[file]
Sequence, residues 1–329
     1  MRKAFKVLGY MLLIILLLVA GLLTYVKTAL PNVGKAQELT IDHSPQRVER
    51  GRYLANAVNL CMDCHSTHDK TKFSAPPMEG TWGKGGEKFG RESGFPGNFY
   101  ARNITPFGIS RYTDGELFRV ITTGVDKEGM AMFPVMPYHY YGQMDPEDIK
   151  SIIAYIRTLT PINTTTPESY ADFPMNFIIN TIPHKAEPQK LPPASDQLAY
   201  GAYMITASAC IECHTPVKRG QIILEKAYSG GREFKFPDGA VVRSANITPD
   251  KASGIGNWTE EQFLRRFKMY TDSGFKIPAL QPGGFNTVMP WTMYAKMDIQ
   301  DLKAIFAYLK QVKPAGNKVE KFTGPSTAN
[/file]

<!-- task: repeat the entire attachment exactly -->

Sequence, residues 1–329
     1  MRKAFKVLGY MLLIILLLVA GLLTYVKTAL PNVGKAQELT IDHSPQRVER
    51  GRYLANAVNL CMDCHSTHDK TKFSAPPMEG TWGKGGEKFG RESGFPGNFY
   101  ARNITPFGIS RYTDGELFRV ITTGVDKEGM AMFPVMPYHY YGQMDPEDIK
   151  SIIAYIRTLT PINTTTPESY ADFPMNFIIN TIPHKAEPQK LPPASDQLAY
   201  GAYMITASAC IECHTPVKRG QIILEKAYSG GREFKFPDGA VVRSANITPD
   251  KASGIGNWTE EQFLRRFKMY TDSGFKIPAL QPGGFNTVMP WTMYAKMDIQ
   301  DLKAIFAYLK QVKPAGNKVE KFTGPSTAN